Restoring farmland and livelihoods builds peace in EthiopiaGirma Eshetu · October 21, 2019
Shedi and Safi Ali have six children. Both were born in Hameti Meta Dayma, a village in Mieso woreda, in Ethiopia's Oromia region. Their family made a living farming crops and livestock, but it became more and more difficult as the natural resources around them degraded because of deforestation, soil depletion, water and grazing land shortages and erratic rainfall. Farmland productivity was decreasing every year as crops failed.
Shedi recalls what life was once like for his family.
“We were collecting a substantial harvest from this ground, and our family used to export maize and sorghum to the neighboring cities,” he says. “The climate was good and there was adequate rainfall. We were living in harmony with our neighbors.”
Hameti is located in the most disadvantaged and remote area of Mieso, where land degradation is especially challenging. Shedi and his neighbors began experiencing food shortages, triggering communal conflict with the nearby Afar community for grazing land and wood to make charcoal.
“Things changed drastically,” Shedi explains. “We couldn’t feed ourselves. We were living by different humanitarian assistance. We couldn’t feed our cattle and we were forced to look for grazing land and started to fight with our neighbors.” He and his wife began cutting trees to make firewood and charcoal to sell.
The situation led the then-Ministry of Federal and Pastoral Development Affairs, the current Ministry of Peace and USAID to select the area for a project to build community-government engagement to reduce land degradation through the SIPED II program. Funded by USAID and implemented by Pact, SIPED II is increasing the resiliency of Ethiopian communities to manage and respond to conflict.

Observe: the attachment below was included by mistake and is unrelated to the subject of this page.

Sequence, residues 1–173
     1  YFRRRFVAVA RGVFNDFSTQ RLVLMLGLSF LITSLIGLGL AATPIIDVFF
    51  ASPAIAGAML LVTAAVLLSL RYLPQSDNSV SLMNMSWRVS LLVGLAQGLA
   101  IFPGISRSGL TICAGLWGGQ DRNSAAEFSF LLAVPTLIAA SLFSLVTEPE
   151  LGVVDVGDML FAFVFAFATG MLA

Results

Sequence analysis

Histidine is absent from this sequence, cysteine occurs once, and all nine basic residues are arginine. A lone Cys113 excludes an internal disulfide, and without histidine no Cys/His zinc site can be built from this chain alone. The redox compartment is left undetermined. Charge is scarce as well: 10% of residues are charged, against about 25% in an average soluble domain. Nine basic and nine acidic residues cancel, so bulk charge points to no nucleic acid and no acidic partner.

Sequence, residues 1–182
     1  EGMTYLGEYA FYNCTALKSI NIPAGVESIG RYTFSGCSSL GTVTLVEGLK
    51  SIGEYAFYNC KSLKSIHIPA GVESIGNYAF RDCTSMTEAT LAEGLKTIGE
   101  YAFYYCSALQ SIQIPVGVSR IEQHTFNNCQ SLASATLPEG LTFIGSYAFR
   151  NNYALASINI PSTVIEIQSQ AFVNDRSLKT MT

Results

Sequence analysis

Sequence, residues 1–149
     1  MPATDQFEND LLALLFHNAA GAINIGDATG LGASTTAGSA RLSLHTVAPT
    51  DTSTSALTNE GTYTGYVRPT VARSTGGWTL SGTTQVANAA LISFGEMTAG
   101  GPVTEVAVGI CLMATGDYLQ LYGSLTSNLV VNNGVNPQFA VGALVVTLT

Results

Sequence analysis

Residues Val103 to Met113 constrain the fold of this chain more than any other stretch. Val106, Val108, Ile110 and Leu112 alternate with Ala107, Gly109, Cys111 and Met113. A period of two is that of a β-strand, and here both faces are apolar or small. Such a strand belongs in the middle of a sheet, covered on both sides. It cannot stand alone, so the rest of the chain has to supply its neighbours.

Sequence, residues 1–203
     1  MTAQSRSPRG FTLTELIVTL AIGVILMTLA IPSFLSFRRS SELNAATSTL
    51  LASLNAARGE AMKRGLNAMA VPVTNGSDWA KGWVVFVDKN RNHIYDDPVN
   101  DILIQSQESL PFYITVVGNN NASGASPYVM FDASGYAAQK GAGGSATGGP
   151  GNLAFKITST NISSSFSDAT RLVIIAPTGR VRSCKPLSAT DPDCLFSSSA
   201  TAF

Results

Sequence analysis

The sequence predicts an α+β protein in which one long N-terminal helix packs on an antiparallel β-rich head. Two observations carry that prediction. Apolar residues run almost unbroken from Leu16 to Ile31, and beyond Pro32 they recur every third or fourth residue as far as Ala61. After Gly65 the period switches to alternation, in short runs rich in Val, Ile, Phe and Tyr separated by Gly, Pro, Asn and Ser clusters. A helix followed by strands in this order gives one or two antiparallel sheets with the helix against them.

With a small grant from SIPED II, the land rehabilitation effort aimed to restore 310 hectares to improve local livelihoods. Based on past experience and the area’s topography, the project used “level soil bund construction” to reduce soil erosion, degradation and deforestation.
“People came to our district and trained us on how to protect our environment through different natural resource management systems,” Shedi says. “They provide us with materials and pay for our work. We became engaged in constructing the level soil bund on our farm to conserve our limited resources – soil and water.”
The community accepted the project, as it was carefully designed in a way that wouldn’t cause inconvenience. Unemployed youths and victims of the intercommunal conflict, groups who are especially vulnerable, were actively engaged throughout the process.
“Soil and water conservation under this project is not a choice for us,” says Adinan Ahmed, district agriculture deputy head. “It is a must for survival. It has a multifunctional purpose: It contributes to people’s livelihoods, minimizes tension among neighboring communities and maintain our ecosystem. We are happy to see it in our district and we want to scale it up in other kebeles. Peoples have seen the impact of the project and everybody in the district is ready to engage with it.”
For Shedi and his family, life has improved.
“We lost our brothers, sisters and cattle due to the conflict with the Somali and Afar groups. The incidents cost a lot,” he says. “But now we are happy to see our farm like this. This year we are expecting to collect more harvest from my farm. I stopped making charcoal, which was affecting my health and adding to deforestation.”
Shedi is hopeful that he and his neighbors will never again turn to violence amid scarce resources.
Lead photo: Shedi and Safi Ali